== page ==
Wesleyan Methodist Central Hall stood at the corner of Charles Street and Bridge Street, Cardiff. The foundation stone was laid on 16 July 1849 by Alderman David Lewis, Mayor of Cardiff, who was also a church member. Designed by James Wilson of Bath, its Gothic style was, at the time, unusual for a nonconformist building in Wales. The chapel opened on 25 September 1850.
On 12 April 1895, the building was destroyed by a fire which broke out shortly after the end of that day’s Good Friday devotions. Just over three months later, on 24 July, building plans were approved for a new church designed by Jones, Richards and Budgen of Cardiff, and reconstruction went ahead, largely on the same footprint as the original building.
The chapel continued to serve Cardiff’s Methodists during the first four decades of the twentieth century. The last marriage to be registered there was on 5 June 1937 and it seems likely that the chapel closed shortly afterwards. Local directories suggest that the building was used, in the late 1940s, by the Ministry of Labour and National Service (Women’s Department). During the 1950s, it housed the Supplies Department of the Welsh Regional Hospital Board and also a Clothing Depot for the Women’s Voluntary Service. By the 1960s, though, it appears to have been unoccupied. Later, it was used for a time by Welsh National Opera before demolition in the mid-1980s.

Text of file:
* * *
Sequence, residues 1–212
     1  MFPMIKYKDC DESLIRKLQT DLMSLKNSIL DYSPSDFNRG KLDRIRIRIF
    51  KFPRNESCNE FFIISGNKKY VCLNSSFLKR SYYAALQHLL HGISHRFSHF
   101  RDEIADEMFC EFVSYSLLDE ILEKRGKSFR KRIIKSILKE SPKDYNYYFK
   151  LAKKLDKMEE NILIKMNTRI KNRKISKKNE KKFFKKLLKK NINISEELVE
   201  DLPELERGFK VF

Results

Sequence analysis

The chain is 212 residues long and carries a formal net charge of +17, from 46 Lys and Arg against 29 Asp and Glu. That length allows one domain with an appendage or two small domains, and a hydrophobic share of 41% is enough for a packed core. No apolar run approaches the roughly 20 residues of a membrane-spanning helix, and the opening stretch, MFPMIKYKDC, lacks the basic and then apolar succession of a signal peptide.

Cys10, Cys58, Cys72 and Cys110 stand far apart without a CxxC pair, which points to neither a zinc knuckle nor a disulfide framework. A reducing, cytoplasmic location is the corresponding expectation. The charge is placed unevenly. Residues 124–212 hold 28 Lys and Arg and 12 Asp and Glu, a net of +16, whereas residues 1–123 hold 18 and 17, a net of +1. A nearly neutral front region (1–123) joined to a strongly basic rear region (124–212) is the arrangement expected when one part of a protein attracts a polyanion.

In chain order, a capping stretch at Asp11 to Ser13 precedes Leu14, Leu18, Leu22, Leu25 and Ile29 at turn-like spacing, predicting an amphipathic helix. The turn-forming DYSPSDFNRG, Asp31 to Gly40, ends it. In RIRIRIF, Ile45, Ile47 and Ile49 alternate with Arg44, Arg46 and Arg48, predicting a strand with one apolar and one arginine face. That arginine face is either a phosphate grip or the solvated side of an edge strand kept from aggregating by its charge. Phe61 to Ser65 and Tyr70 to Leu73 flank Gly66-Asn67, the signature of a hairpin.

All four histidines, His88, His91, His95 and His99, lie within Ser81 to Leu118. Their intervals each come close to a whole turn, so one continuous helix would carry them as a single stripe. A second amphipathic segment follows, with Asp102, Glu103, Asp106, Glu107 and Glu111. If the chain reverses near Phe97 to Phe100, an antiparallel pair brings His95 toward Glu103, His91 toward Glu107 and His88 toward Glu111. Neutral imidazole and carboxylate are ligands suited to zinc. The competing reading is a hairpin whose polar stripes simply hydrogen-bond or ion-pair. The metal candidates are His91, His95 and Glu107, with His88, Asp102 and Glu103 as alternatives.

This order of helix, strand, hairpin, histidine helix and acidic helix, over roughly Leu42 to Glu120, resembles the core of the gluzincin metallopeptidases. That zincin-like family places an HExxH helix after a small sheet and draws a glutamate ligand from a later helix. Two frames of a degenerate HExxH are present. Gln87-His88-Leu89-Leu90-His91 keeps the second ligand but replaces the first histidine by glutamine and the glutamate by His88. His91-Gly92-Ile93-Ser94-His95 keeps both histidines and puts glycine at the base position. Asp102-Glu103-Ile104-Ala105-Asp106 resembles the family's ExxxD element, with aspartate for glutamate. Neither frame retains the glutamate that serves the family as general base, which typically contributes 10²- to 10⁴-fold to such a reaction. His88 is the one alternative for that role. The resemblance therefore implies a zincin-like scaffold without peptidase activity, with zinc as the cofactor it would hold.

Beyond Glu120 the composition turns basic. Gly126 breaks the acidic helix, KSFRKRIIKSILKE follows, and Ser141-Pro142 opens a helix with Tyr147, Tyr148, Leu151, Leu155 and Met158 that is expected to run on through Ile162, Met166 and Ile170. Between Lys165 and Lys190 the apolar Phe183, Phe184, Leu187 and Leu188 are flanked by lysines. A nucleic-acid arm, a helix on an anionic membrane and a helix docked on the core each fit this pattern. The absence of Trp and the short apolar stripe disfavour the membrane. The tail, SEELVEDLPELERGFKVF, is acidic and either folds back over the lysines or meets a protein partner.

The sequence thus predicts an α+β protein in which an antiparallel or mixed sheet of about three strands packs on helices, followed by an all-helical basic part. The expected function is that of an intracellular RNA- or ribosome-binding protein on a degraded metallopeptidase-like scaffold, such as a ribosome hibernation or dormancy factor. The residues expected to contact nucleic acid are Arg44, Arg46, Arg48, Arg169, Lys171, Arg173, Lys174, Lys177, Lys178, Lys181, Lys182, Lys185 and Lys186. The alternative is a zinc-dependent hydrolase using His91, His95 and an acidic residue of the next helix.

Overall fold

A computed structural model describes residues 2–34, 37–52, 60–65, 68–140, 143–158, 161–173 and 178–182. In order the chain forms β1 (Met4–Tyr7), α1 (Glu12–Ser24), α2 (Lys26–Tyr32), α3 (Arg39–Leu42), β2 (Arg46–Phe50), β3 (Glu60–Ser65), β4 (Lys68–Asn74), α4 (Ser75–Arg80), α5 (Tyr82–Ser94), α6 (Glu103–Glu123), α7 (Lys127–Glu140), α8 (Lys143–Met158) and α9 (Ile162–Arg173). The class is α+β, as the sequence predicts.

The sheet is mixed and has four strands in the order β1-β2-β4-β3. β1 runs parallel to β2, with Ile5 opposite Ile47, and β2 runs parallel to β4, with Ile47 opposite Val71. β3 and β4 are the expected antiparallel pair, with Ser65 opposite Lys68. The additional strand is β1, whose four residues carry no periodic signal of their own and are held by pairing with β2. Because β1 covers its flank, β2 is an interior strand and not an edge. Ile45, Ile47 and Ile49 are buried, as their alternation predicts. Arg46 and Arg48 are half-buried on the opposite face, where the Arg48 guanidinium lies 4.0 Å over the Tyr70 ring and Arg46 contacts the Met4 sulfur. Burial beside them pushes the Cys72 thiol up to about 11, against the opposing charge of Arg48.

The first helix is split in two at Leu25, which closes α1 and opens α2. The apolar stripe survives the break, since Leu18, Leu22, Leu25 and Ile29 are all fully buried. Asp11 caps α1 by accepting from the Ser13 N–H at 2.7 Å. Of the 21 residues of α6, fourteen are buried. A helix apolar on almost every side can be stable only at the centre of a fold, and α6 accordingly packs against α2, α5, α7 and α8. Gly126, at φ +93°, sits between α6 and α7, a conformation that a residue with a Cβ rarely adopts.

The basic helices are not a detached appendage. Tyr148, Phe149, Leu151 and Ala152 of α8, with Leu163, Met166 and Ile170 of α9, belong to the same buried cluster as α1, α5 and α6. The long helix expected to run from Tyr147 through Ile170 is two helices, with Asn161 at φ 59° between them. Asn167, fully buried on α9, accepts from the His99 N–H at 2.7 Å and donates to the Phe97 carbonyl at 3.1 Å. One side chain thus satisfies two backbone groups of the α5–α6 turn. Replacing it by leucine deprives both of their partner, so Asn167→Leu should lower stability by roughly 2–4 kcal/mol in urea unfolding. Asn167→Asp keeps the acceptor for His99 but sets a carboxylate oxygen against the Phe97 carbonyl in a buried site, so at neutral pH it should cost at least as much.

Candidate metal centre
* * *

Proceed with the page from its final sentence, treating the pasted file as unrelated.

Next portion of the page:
The site is now occupied by a modern building which serves as the Cardiff Jobcentre.
David Webb, Glamorgan Archives Volunteer
- Mary Traynor Collection [D1093/2/29]
- Cardiff Borough, building regulation plans, plan for rebuilding of Wesley Chapel, Charles Street, 1895 [BC/S/1/10874]
- Charles Street Wesleyan Methodist Church, Cardiff, marriage register, 1934-1937 [DWESMARR7]
- South Wales Echo, 13 Apr 1895
- Jenkins, J. A. & James, R.E., The History of Nonconformity in Cardiff (1901)
- Various Cardiff directories